Counter-Terrorism and the EU Strategy for Border Security: Framing Suspects with Biometric Documents and Databases

Counter-Terrorism and the EU Strategy for Border Security: Framing Suspects with Biometric Documents and Databases

Anneliese Baldaccini*

This article examines the way in which the EU amd its Member States have approached border security issues since the terrorist attacks in the US on 11 September 2001. A key aspect of this approach has been to tighten control of borders and the safety of documents by the use of biometric systems. The new poli- cies on border security and document security are resulting in the mass collection and storage of biomet- ric data in relation to third-country nationals seeking entry into the territory of EU Member States, and in relation to EU nationals within the context of travel and identity documents. These developments are significant as the Union is considering the potential offered by biometrics not only for the effective man- agement of borders but also for the prevention and combating of crime.

Border control; document security; biometrics; information systems; SIS; VIS; Euodac


The attacks in the US on 11 September 2001 had a profound effect on the way the EU would shape its policy in the field of migration and the free movement of people in the internal area without border control. The institutions’ immediate attention focused on the perceived weakness of the EU’s external borders and the need to guarantee the control over criminals or terrorists who might try to enter into the free border area of the European Union. External border control and internal security became two sides of the same coin.

This article examines the relation constructed at EU level between cross-border movement of people and internal security in the wake of 11 September 2001. The significance of the nexus between terrorism and immigration in the exceptional security measures enacted by the EU and its Member States, with the resultant erosion of the right to asylum, precariousness of legal residence and criminalisation of irregular stay, has been examined elsewhere.1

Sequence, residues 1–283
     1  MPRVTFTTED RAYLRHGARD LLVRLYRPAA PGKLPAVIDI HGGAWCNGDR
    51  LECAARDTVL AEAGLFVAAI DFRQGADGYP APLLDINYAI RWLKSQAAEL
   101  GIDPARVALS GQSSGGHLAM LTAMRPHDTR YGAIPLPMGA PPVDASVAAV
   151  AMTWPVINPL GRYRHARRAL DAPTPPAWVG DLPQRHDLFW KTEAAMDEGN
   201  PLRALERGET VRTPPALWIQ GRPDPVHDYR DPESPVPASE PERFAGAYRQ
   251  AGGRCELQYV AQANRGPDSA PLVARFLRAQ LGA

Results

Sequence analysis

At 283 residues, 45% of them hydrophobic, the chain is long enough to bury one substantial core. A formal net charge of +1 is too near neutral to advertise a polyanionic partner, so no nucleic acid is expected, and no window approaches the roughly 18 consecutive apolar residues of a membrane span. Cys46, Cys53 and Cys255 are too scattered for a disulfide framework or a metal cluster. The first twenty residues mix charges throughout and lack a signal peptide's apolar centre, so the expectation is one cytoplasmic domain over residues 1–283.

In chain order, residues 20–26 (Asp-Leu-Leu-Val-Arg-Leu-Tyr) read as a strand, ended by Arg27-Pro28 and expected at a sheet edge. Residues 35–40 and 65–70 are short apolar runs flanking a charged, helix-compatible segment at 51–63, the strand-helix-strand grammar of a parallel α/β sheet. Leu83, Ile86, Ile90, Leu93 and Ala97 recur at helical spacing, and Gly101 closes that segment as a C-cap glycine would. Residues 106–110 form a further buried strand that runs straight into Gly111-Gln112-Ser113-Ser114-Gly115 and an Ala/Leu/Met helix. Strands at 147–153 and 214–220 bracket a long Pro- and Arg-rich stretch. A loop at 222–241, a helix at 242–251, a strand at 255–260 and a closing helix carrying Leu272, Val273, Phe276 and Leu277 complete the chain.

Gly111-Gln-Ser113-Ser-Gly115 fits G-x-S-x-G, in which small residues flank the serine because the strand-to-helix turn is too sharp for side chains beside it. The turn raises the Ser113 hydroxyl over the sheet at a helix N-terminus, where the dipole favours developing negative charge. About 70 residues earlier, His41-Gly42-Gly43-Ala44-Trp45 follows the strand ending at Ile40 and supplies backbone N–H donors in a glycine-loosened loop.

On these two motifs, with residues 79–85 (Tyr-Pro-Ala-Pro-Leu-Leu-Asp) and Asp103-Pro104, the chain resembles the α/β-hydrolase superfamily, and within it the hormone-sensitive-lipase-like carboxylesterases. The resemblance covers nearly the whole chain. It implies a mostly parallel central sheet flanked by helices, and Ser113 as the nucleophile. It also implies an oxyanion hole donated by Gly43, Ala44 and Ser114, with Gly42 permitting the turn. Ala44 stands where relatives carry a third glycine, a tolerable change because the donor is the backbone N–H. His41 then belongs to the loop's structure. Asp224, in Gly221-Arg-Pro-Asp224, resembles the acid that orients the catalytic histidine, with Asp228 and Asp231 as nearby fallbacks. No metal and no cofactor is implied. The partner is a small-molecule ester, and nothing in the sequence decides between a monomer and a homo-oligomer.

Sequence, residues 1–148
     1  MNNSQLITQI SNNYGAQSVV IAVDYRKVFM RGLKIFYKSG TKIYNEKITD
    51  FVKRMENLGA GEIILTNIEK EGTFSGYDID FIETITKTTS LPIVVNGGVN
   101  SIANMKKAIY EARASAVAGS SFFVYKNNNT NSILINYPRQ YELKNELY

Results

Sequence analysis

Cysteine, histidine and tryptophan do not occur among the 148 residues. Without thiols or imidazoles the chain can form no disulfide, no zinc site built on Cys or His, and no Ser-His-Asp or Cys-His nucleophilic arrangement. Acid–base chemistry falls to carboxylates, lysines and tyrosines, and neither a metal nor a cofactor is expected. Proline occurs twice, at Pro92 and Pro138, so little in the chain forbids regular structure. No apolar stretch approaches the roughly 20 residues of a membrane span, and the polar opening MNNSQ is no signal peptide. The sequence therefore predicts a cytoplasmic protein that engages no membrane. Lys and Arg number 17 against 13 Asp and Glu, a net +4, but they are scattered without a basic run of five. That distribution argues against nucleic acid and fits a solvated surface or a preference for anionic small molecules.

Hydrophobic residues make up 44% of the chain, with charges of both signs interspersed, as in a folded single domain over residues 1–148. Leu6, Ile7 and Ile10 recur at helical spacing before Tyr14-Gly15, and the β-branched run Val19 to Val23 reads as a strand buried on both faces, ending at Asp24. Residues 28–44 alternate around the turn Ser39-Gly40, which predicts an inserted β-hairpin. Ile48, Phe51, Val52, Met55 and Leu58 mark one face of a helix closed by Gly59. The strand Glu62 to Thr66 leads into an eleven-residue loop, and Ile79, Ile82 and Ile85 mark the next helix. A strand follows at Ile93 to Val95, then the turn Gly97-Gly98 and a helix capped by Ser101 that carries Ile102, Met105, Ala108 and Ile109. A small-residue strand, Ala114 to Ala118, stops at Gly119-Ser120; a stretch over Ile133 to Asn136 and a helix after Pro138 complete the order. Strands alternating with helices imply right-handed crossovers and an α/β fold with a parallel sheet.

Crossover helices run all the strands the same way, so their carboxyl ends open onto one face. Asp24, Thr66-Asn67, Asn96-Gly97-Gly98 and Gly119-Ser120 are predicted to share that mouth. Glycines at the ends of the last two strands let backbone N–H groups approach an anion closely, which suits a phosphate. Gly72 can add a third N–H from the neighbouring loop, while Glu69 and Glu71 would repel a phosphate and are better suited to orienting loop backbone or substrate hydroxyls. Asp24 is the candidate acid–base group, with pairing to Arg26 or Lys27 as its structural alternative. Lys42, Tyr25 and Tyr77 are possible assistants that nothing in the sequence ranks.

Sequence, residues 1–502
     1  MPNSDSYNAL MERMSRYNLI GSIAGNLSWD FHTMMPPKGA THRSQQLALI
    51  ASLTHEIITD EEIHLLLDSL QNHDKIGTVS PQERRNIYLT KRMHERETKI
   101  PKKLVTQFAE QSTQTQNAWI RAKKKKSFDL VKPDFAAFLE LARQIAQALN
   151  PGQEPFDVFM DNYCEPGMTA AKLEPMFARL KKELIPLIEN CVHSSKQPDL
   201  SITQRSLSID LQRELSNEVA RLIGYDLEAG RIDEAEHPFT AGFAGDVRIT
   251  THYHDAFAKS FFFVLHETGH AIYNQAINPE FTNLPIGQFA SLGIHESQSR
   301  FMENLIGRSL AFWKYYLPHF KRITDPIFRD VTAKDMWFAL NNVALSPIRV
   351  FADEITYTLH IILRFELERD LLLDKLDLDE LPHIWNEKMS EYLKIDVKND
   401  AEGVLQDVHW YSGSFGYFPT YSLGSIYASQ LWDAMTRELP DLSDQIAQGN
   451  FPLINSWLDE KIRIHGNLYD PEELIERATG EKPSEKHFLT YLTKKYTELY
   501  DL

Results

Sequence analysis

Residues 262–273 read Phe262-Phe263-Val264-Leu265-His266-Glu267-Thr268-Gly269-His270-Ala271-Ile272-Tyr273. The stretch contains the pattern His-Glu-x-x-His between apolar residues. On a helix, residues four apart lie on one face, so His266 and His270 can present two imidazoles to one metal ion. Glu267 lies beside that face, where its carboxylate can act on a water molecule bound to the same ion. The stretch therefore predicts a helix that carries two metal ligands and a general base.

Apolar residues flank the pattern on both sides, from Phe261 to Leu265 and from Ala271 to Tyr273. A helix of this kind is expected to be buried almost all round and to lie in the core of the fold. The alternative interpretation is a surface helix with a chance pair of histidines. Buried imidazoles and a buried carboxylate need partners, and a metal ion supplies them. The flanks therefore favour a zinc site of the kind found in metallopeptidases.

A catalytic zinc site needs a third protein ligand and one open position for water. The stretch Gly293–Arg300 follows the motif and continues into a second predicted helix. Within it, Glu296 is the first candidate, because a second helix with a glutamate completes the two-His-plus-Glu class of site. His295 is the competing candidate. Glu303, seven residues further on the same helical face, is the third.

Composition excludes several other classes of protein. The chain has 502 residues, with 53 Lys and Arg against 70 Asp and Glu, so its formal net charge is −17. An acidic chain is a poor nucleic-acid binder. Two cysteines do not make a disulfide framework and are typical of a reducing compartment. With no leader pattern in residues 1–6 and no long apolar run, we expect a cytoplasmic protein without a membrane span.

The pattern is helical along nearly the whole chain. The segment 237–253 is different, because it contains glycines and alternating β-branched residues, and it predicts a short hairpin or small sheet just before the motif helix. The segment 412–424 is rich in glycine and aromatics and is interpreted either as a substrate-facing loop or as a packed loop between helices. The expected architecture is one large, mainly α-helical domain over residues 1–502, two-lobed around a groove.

*) Committee Specialist, House of Lords EU Committee. The views expressed herein are personal and bind solely the author.

The analysis here will focus on a different framing of the debate, one that is structured around the concept of border security and the greater use of new policing technologies and electronic immigration databases. There is a growing mass of sensitive personal data on third-country nationals that is being collected, stored and processed for immigra- tion related purposes. These data are increasingly to be used for crime-related purposes and new measures are being put in place which will provide the law enforcement community with a powerful apparatus for surveillance and control. The implications of these developments for the freedoms we cherish in our society have yet to be considered.

Border Security

The term ‘border security’ has become a common usage in EU policy but it is an elusive concept. Talk used to be of border controls, then the terminology shifted and it is border security which EU policy makers now seek to achieve.2 This shift is indicative of a linkage between crime and migration, which predates 11 Sep- tember 2001 but which the terrorist scare after the attacks in Washington and New York has helped to forge.

The concept merges the separated yet inextricably linked policies on border control and internal security and captures vividly the emphasis on the enforce- ment aspects of the EU immigration policy. Thus, border security is viewed as essential to protect citizens and infrastructure and reduce the EU’s vulnerability to attack, which is a central objective of the EU counter-terrorism strategy.3 To improve border security, the strategy relies on the ever-greater sophistication of security technology, in particular the use of biometric features in passports, visas, residence permits and identity documents, and the development and expansion of EU-wide information systems.

Document Security

The connection between document security and terrorism is a tenuous one. The evidence so far has been that terrorists tend to cross borders legally, use their real

1) See A. Baldaccini and E. Guild (eds), Terrorism and the Foreigner. A Decade of Tension around the Rule of Law in Europe, Martinus Nijhoff Publishers, 2007.

2) For an analysis of the factors behind this shift in terminolgy, see V. Mitsilegas, ‘Border Security in the European Union: towards centralised controls and maximum surveillance’, in A. Baldaccini, E. Guild and H. Toner (eds), Whose Freedom, Security and Justice? EU Immigration and Asylum Law, Hart Publish- ing, 2007.

3) See EU Council Secretariat Factsheet, The European Union and the Fight Against Terrorism, Brussels, 9 March 2007.

identities and reside legitimately in the host country. Those who were involved in the US attacks and in the Madrid bombings had valid or expired visas or were equipped with legitimate residence permits or identification cards. The four young people who committed the suicide attacks in London were British citizens. Nevertheless, Member States see the detection of persons who attempt to enter the EU on forged documents and the prevention of the use of false identities as essential to the fight against terrorism.